Edward Tufte advocates using minimum ink to maximum effect in displaying quantitative information, and designing graphic displays to have both macro (distant) and micro (close-up) readings.
One technique he describes that fits his philosophy is the "stem and leaf" plot. Let’s say you have two sets of 50 exam marks as percentages, and you want to examine the data. One way to see the spread is to plot the marks, maybe as a histogram. That shows the distribution, but loses the information of the specific scores. The stem and leaf plot provides the best of both worlds: a graphical overview and close up values. The "stem" shows the tens values, and the "leaves" show the remaining digit values.
stem and leaf plots, of 50 values generated randomly from a normal distribution, with:
(a) mean 50, std dev 20; (b) mean 70, std dev 10
This plot looks like a histogram from a distance, but closer inspection shows that the bars are made from digits with meaning. So we can easily see that in the first case, the marks range from 9 to 96, and in the second case, the marks range from 54 to 94.
Stem and leaf plots can also be used to good effect for bus and train timetables. In this case the "stem" shows the hours, and the "leaves" show the minutes when the transport is due. For example, Nottingham tram timetables use this approach.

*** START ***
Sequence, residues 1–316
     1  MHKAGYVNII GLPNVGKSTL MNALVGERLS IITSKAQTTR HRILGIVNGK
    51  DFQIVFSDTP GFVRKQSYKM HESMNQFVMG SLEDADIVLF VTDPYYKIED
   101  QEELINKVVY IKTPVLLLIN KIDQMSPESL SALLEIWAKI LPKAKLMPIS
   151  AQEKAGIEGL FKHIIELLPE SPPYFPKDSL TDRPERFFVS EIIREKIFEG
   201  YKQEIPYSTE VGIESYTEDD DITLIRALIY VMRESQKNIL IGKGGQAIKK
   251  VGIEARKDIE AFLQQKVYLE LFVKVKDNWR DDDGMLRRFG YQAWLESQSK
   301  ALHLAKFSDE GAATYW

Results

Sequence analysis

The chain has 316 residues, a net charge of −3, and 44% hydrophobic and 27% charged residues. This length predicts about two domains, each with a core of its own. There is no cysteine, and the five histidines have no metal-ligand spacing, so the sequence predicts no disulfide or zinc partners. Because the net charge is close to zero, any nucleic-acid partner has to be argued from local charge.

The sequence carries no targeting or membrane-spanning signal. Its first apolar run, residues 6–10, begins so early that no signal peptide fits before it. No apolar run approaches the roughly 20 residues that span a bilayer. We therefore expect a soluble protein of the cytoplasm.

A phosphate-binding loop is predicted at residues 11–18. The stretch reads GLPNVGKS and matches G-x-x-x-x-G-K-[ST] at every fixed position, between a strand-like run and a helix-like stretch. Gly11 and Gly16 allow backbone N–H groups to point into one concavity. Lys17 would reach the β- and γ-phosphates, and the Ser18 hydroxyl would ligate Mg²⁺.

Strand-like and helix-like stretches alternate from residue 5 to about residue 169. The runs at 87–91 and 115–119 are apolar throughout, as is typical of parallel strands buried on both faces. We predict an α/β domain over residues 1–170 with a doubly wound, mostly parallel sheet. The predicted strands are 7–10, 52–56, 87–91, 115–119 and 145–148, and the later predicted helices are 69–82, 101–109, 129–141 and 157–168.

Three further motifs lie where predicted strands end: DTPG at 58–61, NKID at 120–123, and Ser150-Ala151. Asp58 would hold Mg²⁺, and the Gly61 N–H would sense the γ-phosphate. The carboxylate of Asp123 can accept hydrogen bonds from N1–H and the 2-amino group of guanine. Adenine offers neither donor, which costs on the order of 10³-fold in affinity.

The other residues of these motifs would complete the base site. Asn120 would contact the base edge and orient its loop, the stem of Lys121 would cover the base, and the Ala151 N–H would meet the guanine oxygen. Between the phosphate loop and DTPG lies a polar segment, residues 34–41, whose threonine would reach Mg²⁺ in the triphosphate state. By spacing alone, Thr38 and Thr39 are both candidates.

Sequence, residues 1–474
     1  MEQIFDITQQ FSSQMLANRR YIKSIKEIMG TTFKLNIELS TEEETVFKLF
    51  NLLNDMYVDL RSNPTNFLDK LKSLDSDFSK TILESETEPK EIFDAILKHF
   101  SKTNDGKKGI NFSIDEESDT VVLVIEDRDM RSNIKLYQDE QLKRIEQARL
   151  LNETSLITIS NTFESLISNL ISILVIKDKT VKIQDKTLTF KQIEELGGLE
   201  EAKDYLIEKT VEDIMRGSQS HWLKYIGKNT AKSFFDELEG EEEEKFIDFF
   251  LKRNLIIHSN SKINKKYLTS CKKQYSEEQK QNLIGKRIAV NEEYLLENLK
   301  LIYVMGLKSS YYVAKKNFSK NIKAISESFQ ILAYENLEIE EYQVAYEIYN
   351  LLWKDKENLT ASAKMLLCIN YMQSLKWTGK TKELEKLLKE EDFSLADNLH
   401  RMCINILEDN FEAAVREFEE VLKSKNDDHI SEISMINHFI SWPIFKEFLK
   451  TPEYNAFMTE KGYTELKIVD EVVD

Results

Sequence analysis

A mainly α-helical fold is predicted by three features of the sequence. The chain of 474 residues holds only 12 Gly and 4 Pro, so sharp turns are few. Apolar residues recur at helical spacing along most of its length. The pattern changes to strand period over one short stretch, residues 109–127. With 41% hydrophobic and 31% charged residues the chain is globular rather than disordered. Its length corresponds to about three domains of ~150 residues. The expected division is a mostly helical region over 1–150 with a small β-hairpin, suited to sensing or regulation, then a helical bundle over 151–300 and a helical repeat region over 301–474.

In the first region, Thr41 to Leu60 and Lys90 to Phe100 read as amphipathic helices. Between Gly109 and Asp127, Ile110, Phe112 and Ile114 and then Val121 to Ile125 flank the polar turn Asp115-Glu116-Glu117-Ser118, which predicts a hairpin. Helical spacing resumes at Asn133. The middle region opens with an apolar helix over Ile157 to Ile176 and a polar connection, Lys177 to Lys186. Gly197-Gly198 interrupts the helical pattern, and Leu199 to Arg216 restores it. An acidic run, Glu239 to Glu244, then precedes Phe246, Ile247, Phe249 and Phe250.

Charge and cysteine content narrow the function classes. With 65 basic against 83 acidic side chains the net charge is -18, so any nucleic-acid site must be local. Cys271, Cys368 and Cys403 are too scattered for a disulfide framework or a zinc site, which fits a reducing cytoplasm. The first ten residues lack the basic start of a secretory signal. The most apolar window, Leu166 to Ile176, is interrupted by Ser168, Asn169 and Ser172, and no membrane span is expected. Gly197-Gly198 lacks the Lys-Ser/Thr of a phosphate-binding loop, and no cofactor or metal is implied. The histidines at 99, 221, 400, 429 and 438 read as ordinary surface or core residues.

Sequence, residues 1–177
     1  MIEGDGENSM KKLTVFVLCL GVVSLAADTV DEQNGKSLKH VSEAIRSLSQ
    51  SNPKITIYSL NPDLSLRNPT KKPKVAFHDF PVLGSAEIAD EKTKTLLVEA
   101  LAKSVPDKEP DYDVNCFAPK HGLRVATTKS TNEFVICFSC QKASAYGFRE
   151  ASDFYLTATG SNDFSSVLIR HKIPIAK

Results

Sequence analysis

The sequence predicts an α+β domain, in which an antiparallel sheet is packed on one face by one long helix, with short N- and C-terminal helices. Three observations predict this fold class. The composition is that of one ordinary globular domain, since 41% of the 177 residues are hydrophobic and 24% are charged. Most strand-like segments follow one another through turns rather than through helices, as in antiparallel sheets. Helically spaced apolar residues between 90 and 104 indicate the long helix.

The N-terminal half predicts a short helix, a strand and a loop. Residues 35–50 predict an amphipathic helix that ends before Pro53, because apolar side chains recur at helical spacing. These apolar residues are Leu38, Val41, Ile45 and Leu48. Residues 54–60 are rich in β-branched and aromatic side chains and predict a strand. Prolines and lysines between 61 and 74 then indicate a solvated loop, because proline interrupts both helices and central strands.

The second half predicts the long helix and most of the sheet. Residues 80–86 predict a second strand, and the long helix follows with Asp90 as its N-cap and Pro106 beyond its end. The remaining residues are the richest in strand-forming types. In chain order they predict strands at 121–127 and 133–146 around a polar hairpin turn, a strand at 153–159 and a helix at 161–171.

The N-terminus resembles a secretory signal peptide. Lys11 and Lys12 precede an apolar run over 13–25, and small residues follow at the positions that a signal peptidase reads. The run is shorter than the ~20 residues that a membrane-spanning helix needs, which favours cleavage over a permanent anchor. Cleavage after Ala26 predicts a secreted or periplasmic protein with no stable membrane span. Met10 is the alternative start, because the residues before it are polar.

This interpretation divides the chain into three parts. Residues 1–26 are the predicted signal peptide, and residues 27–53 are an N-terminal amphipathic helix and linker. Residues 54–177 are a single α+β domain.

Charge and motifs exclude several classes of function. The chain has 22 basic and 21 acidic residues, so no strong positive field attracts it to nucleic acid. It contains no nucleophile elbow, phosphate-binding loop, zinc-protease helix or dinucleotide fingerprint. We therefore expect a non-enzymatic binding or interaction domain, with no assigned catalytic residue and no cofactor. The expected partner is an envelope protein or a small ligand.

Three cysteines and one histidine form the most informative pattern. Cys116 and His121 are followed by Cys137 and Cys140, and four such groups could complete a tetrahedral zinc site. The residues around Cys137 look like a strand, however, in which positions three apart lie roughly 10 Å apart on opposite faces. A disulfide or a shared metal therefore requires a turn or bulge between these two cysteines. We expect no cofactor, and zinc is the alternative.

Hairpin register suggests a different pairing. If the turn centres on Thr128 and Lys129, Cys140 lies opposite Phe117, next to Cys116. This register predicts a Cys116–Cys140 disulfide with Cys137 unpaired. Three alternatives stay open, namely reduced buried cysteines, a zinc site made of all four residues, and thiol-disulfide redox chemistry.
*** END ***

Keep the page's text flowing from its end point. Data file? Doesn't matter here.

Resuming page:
You can immediately see, with a distant macro-reading, on weekdays the most trams are at rush hour, on Saturdays they are more evenly spread , and they are rather more infrequent out of hours and on Sundays. Then you can look closer for a micro-reading, and see the actual tram times.
These plots have been around for a long time. The latest New Scientist (2 May 2012) reports an analogous approach for greyscale plots: "FatFonts", conceived and developed by Miguel Nacenta, Uta Hinrichs, and Sheelagh Carpendale.
|the "Rotunda" FatFont|
With a FatFont, the amount of ink used to print a digit is proportional to the value of the digit: so a 9 uses nine times the ink as a 1, for example. Instead of plotting a greyscale pixel on a graphic, plot the actual value using the FatFont. For more numerical resolution, simply use a second digit one-tenth the area of the first (and a third digit, one tenth smaller again, if needed, and so on, until resolution fails). From a distance, the macro-reading is a greyscale image; closer up, the micro-reading shows the digits, showing the numerical values.
Here's an image of the terrain around Etna on Sicily, from the FatFonts galley page:
A FatFont plot is to a greyscale image what a stem and leaf plot is to a histogram.
Typewriter art, ACSII art, and photo mosaics achieve a given picture (macro-reading) by using very many small characters or picture "tiles" chosen to have the right density or colour. But with those techniques, the micro-readings are not usually of interest. FatFonts, on the other hand, give a useful graphical tool.
It’s a really neat idea.